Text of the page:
by Paul Gagnon
I grew up near Mission Bay, in San Diego, CA. I spent many days of my youth near the ocean, in the ocean or on the ocean. Lot’s of sand found it’s way between my toes, into my ears and onto the floor of the car. We used to go to the beach and bay regularly to swim, bodyboard, make sand castles and later cruise the boardwalk as a teenager. My Dad took my brother and I fishing on Mission Bay numerous times.
As high school faded into memory, and my life as a young adult became cluttered with college, career and kids, something sad happened. One day in 2012, I realized that I had not been to the ocean in over 5 years, even though I never left San Diego, though i had moved away from the immediate coast. My initial reaction was one of disbelief that so much time had passed without a taste of the briny waves. I had become comfortable with a home-bound sedentary lifestyle away from the ocean, and it was having a severe impact on my health. I weighed over 310 lbs, and was so out of shape, I couldn’t climb a couple of flights of stairs without needing some deep breaths.
It was time for a major change.
My brother had discovered outrigger canoe paddling a few years prior. He enjoyed the sport, but I had never really taken a close look at his new hobby. In 2012, when he and a group of paddling friends decided to form their own outrigger canoe club, I decided it was time to take a look at returning to the waters of my youth. As a member of the first novice class at a newly formed outrigger canoe club, I had a chance to meet and paddle with a group of paddlers who taught me some profound life lessons.
Outrigger canoes are rooted in ancient polynesian culture, taking kings between islands, warriors to battle, fishermen to sea and a basic form of transportation for pacific island peoples for thousands of years. I won’t go into great detail about the heritage of this sport here, but around the middle of the last century the sport found its way to the mainland, and scores of people have found this amazing experience. A team of 6 paddlers join as one to propel these magnificent craft through the waves into the open ocean.
The first experience of paddling, working with a team towards a common goal and blending with one another to make the canoe fly is something I’ll never forget. I’ve since paddled in many races ranging in length from a few hundred yards on a still lake to 42 miles across some of the most treacherous open ocean on the planet. Yet, the experience each time can be boiled down to three common things that keep me paddling now and for as long as my body will allow me.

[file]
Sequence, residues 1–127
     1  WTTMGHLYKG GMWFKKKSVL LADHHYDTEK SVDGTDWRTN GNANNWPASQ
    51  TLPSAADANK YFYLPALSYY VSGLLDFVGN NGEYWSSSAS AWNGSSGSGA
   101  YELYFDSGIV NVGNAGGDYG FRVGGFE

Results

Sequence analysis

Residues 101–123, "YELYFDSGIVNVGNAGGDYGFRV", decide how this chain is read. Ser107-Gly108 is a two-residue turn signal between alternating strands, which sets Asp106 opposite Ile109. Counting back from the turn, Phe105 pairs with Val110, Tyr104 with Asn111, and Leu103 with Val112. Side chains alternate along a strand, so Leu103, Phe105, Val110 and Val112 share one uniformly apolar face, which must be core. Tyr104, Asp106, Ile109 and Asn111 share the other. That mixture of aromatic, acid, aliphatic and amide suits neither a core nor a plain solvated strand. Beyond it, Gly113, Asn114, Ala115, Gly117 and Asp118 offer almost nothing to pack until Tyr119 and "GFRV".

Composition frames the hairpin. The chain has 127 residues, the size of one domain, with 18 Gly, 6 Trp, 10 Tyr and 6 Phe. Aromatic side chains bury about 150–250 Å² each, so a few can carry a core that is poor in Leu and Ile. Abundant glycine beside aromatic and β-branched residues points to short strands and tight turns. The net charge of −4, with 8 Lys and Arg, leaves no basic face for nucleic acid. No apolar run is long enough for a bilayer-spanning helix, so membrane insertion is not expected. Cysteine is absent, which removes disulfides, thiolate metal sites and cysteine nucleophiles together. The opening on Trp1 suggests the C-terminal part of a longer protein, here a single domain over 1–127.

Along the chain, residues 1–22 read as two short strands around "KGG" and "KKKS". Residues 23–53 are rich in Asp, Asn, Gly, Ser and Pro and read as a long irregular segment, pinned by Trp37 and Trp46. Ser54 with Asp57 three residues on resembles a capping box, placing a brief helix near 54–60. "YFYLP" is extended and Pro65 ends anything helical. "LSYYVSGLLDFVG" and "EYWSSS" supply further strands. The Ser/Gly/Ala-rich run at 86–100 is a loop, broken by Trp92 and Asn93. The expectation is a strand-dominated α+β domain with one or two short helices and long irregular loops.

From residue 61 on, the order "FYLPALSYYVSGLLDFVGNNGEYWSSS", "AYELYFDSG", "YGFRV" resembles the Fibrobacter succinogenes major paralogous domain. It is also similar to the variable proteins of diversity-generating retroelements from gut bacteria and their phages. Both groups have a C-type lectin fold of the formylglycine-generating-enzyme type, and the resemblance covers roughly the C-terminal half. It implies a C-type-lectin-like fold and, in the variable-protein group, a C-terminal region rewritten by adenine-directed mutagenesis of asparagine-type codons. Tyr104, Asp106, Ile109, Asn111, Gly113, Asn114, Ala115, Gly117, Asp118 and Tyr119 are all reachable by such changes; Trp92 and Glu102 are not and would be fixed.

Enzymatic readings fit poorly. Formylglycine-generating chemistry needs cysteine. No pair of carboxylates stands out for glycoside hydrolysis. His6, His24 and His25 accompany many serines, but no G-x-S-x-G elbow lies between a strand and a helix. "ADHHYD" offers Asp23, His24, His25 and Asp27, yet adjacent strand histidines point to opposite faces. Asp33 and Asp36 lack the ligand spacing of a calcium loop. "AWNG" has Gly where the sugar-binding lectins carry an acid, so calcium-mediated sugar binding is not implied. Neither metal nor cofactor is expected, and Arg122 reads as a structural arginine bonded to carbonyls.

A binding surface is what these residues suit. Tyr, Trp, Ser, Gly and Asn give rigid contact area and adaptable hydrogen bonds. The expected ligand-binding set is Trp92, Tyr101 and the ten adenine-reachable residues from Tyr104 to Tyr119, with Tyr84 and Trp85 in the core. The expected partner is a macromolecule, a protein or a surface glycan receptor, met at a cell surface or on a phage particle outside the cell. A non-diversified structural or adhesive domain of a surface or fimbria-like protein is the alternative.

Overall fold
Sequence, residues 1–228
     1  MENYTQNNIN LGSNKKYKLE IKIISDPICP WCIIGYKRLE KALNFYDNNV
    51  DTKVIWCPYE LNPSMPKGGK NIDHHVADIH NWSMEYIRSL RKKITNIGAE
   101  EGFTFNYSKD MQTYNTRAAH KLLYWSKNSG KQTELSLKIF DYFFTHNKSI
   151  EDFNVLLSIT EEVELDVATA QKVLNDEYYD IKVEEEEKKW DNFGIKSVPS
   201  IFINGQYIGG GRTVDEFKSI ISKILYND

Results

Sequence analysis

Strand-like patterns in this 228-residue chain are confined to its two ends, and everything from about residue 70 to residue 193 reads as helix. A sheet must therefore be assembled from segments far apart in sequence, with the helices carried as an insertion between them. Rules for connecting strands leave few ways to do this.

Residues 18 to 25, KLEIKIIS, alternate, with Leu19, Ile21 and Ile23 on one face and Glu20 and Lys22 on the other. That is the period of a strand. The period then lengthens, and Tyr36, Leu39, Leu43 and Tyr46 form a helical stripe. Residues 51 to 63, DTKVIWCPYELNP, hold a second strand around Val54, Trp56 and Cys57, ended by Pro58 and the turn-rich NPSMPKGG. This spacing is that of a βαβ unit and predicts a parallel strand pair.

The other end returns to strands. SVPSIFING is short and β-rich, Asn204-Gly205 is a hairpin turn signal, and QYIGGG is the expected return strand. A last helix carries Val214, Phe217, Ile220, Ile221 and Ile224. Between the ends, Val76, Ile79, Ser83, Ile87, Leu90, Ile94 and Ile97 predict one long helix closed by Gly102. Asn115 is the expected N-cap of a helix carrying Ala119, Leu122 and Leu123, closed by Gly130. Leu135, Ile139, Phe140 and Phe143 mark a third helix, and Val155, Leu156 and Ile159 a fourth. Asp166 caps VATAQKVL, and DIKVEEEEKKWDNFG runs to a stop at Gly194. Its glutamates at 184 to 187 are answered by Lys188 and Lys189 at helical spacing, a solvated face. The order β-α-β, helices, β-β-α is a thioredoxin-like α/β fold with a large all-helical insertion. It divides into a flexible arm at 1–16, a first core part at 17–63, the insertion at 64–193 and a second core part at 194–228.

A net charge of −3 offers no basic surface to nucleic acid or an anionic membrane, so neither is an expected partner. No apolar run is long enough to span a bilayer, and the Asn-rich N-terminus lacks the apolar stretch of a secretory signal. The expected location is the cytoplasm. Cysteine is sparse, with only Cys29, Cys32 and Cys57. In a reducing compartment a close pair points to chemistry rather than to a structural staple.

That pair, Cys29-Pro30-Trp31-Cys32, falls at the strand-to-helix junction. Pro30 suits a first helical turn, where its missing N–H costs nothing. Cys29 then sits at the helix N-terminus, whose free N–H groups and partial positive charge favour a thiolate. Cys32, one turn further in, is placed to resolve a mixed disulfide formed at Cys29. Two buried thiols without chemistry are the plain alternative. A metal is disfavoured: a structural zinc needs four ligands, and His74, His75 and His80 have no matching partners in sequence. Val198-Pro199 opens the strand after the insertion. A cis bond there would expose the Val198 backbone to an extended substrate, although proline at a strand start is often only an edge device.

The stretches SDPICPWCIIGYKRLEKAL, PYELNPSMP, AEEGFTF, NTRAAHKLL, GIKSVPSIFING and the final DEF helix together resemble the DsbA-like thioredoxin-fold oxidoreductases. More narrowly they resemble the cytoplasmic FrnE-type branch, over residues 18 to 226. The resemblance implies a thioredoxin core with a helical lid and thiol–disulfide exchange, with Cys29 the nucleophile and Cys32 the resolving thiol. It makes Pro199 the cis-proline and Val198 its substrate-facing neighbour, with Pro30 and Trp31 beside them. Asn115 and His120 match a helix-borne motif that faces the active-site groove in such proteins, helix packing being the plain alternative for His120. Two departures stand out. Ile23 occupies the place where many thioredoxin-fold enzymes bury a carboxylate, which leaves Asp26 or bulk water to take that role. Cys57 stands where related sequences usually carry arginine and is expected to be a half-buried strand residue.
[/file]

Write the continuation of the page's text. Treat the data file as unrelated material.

Connection to the Ocean
As I mentioned, I had lost my connection to the water after growing up very close to it. Outrigger canoe paddling has allowed me to reconnect in a way I never thought possible. From the back of the bay and it’s calm waters to the thrill of punching over windblown swells offshore, each touch of salt water is so meaningful to me. The first time when I jumped into the open ocean when a mile offshore, I was intimidated. Looking down, you can only see deep blue and wonder what lurks below. But once I found within myself that I belonged here, even needed to be here, the deep ocean holds only limitless possibility for me now and I relish every chance I get to be out there.
Connection to ohana
Ohana is the hawaiian word for family, but I have learned its meaning is much broader. Ohana to me means the entire circle of people (and things) that mean something deeper to you. When I paddle with my club or paddling friends, I truly feel part of a greater extended family. Working as a team to go a little faster or a little further, or coming together to celebrate an accomplishment, is very rewarding to me. In my experience, I have never come across a group of people outside of my immediate family with which I share such an effortless bond. It may not be the same for everyone who paddles, but I suspect my observations are not rare.
Connection to myself
More than anything, I have found purpose and passion in a lifestyle like no other. Prior to paddling, few outdoor activities engaged me as much as paddling. I can really focus on myself, carefully observe my actions and adjust. It’s very zen-like. Especially after getting a one-man outrigger canoe, the instant feedback to adjustments in technique and power is amazing. Although we paddle as a team, the focus on all the little things that require fine tuning is a very personal experience.
I suspect many paddlers go through a similar progression of curiosity, leading to discovery and finally all-consuming passion. If you find the right group of people and a positive initial experience, it’s hard not to find yourself thinking about when you will get to push off on a paddle next. It’s also hard not to talk all things paddling when surrounded by other paddlers, and that’s not a bad thing. For me, the whole family is involved, so needless to say, there is a lot of time spent talking about paddling.Since those first days of paddling with a team in an outrigger canoe, water sports have consumed my free time now. I have purchased an OC-1, standup paddleboard and surfboard all in the three years since first paddling, and love spending time with each. Even more so, paddling has given me a sense of freedom unobtainable with land-based sports. I look forward to many years of paddling and adventure with my ohana!